Dr. Richard Lyon of Brown University, the world’s leading expert on the queen, is found murdered in his office, setting off a chain of deadly events. Omar desperately works to piece together the puzzle to locate the queen’s burial ground, fearing another assassination will take place. He teams up with one of Lyon’s protégées as well as with his ex-girlfriend, agent Mia Golding, in order to unravel the truth about the queen, expose a murderer, and reveal a timeless story of love, revenge, and sacrifice.
Finding Sheba has some fascinating insights into the cultures and religions of the Middle East and surrounding areas. It also has a great conflict for Sheba herself as she decides what to be in her own life. This is not the first book I have read by this author and I have enjoyed most of the books I have read by her. This one is wonderful because it is in one of the genres that I seek out most often.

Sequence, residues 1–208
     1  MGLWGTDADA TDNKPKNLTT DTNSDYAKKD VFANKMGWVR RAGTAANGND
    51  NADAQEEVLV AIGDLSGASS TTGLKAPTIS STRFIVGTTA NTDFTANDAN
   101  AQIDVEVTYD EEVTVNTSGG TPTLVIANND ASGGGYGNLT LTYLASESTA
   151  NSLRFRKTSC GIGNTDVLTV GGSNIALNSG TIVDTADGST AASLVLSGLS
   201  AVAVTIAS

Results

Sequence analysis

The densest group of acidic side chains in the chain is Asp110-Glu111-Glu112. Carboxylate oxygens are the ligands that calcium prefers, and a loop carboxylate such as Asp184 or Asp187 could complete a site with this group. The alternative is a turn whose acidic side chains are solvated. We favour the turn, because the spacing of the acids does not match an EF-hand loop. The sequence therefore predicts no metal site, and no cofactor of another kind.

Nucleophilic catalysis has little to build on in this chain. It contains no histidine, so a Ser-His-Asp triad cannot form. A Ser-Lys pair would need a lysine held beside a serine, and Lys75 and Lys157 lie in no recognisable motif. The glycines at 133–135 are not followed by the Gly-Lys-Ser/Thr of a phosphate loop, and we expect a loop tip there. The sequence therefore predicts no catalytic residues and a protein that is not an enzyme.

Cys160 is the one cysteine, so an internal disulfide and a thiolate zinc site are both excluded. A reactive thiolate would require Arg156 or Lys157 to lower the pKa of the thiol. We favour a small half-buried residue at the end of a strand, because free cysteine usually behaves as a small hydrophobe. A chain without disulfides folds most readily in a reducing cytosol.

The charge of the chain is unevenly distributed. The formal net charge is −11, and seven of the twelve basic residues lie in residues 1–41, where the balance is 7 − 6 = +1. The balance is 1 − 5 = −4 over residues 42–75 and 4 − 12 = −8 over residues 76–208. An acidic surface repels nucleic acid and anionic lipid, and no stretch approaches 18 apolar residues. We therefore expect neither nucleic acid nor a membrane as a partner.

Narrated by Bon Shaw.
A power kept secret for 2000 years. A woman who stands to lose everything.
India. When a nun is burned alive on the sacred ghats of Varanasi, and the stone she carried is stolen, an international hunt is triggered for the relics of the early church.
Forged in the fire and blood of martyrs, the Pentecost stones have been handed down through generations of Keepers who kept their power and locations secret.
The Keepers are being murdered, the stones stolen by those who would use them for evil in a world transformed by religious fundamentalism.